Congress required passenger and freight railroads nationwide to install by the end of this year the safety system, which can automatically control a train's speed if an engineer doesn't. It's the system that experts said would have prevented an Amtrak derailment in Philadelphia in 2015 that killed eight.
NJ Transit won't meet the end-of-the-year deadline, but a loophole would allow the agency to obtain an extension — if it meets certain benchmarks. If NJ Transit doesn't reach those benchmarks by the end of the year, it could face thousands of dollars in fines from the Federal Railroad Administration (FRA).
The rail agency has already been given some breaks to help it qualify for an extension to 2020. It will only have to install PTC on half of its 440 train cars. Federal officials say that would meet requirements, but would create a shortage of equipment. The FRA also allowed NJ Transit to limit PTC testing to less than 17 miles of the Morristown Line by the end of the year, instead of its entire system.
NJ Transit, which provides 62 million rail trips a year on 326 route miles, has PTC 52 percent complete, Kevin Corbett, the agency's chief executive, said in a statement. That's an improvement from 13 percent three months ago, but still puts enormous pressure on the rail agency with just five months left in the year.
PTC installation has been a fraught process nationwide, with members of Congress and the FRA promising consequences for railroads that don't at least qualify for an extension. Only a handful of railroads will have PTC fully active by the end of the year, though SEPTA expects to be one of them. PTC is installed on all of its vehicles, and there is only about 40 miles on its network where PTC isn't fully able to recognize and control all the trains using that track, which can include Amtrak and freight trains. Those gaps should be closed by the end of the year, SEPTA said.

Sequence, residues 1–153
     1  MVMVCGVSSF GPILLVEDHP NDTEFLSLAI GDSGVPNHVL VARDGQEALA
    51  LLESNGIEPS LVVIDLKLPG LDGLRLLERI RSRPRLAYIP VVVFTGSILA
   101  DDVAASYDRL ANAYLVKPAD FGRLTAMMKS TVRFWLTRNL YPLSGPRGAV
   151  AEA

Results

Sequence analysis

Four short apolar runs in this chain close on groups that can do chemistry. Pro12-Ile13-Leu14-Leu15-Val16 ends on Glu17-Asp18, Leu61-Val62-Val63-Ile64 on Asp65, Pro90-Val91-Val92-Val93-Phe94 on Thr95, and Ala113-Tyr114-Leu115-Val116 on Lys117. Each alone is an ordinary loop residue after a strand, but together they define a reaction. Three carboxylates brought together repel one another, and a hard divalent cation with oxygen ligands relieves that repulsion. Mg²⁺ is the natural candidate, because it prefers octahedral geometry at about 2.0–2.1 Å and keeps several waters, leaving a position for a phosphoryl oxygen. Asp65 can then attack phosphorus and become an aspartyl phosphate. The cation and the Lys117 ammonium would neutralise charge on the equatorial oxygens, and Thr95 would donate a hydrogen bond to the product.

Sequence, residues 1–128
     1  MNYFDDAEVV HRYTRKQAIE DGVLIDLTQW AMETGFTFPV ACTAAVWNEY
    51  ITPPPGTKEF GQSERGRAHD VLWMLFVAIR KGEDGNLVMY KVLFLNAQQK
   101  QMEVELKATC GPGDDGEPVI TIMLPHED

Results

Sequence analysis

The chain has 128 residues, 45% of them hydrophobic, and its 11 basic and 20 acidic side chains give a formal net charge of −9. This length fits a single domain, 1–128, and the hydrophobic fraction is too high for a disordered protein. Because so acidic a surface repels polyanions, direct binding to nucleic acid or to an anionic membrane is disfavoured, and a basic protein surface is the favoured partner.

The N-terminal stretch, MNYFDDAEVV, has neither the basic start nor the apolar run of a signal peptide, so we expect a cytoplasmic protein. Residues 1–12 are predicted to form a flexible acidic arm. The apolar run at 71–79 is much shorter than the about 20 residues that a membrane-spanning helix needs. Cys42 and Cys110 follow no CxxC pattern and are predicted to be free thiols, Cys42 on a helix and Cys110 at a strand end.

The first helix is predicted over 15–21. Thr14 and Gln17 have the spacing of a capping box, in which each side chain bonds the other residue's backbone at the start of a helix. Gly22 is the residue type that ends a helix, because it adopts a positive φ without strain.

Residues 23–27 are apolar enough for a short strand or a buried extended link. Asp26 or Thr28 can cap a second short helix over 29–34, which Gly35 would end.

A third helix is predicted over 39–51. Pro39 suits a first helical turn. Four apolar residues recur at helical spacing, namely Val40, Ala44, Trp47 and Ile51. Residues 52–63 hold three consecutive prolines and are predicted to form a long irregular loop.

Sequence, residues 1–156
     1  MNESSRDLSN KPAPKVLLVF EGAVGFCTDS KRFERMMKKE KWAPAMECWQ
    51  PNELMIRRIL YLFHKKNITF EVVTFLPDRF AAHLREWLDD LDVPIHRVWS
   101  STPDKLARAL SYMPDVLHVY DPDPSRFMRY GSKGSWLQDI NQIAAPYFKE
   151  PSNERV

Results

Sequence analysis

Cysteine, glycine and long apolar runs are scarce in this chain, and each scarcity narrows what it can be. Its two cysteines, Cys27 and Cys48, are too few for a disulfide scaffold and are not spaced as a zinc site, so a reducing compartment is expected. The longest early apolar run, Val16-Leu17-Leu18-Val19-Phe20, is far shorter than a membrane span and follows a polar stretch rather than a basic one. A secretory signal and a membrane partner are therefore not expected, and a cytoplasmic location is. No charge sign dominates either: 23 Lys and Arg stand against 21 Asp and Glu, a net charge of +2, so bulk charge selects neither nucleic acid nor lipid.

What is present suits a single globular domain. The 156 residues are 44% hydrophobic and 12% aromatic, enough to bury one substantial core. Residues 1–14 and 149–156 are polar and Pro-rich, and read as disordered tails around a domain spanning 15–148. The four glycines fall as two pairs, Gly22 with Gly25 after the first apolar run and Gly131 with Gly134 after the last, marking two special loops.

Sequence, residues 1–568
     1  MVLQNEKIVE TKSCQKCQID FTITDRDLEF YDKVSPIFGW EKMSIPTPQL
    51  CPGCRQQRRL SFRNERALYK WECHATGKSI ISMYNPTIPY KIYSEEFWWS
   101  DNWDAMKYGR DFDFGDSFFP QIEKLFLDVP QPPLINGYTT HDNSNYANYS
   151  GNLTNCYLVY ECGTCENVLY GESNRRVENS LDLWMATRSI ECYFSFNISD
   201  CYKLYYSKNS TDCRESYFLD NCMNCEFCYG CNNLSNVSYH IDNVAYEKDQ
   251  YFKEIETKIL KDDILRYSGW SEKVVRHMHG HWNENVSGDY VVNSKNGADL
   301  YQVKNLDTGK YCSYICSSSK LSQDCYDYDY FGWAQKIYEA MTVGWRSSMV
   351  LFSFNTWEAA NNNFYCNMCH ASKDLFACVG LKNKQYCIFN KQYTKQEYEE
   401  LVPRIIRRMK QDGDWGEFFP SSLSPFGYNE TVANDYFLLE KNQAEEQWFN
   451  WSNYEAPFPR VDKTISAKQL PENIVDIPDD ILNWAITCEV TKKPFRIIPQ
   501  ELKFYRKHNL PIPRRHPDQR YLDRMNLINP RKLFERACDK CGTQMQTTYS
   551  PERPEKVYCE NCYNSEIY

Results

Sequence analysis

Amtrak has PTC installed on all the track it owns on the Northeast Corridor, but it is reviewing whether it will adjust or even cancel service on tracks it uses but doesn't own that may not have PTC in place by the end of the year.
Getting to Atlantic City from Philadelphia won't be as convenient as hopping on a bus at 30th Street instead of a train during the service suspension. NJ Transit's only bus service to Atlantic City departs from 10th and Filbert Streets. A rider could also take PATCO to Lindenwold and catch a bus there.
The train terminal in Atlantic City won't be used during the shutdown. Passengers will board at the bus terminal.
NJ Transit will sell tickets to the Atlantic City Rail Line's nine destinations at a 25 percent discount from the usual price of a train ticket. Those will be accepted by NJ Transit bus Route 554; a shuttle bus that will operate between Cherry Hill, Pennsauken, and the Walter Rand Transportation Center in Camden; PATCO stops at Lindenwold, Walter Rand, and Eighth Street; and the River LINE.